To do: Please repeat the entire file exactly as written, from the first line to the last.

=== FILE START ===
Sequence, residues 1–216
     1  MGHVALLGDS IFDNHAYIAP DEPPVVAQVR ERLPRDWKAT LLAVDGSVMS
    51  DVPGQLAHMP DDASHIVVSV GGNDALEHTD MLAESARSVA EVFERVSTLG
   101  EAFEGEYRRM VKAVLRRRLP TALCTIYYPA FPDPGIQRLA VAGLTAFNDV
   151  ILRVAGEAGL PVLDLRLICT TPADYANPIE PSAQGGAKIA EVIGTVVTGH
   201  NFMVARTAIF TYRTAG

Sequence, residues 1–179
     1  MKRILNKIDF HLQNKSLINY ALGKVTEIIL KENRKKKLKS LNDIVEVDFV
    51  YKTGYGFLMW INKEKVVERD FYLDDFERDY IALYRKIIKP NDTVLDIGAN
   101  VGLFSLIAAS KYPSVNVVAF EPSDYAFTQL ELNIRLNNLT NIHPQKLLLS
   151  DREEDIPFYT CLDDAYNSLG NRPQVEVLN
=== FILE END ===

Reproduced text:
Sequence, residues 1–216
     1  MGHVALLGDS IFDNHAYIAP DEPPVVAQVR ERLPRDWKAT LLAVDGSVMS
    51  DVPGQLAHMP DDASHIVVSV GGNDALEHTD MLAESARSVA EVFERVSTLG
   101  EAFEGEYRRM VKAVLRRRLP TALCTIYYPA FPDPGIQRLA VAGLTAFNDV
   151  ILRVAGEAGL PVLDLRLICT TPADYANPIE PSAQGGAKIA EVIGTVVTGH
   201  NFMVARTAIF TYRTAG

Sequence, residues 1–179
     1  MKRILNKIDF HLQNKSLINY ALGKVTEIIL KENRKKKLKS LNDIVEVDFV
    51  YKTGYGFLMW INKEKVVERD FYLDDFERDY IALYRKIIKP NDTVLDIGAN
   101  VGLFSLIAAS KYPSVNVVAF EPSDYAFTQL ELNIRLNNLT NIHPQKLLLS
   151  DREEDIPFYT CLDDAYNSLG NRPQVEVLN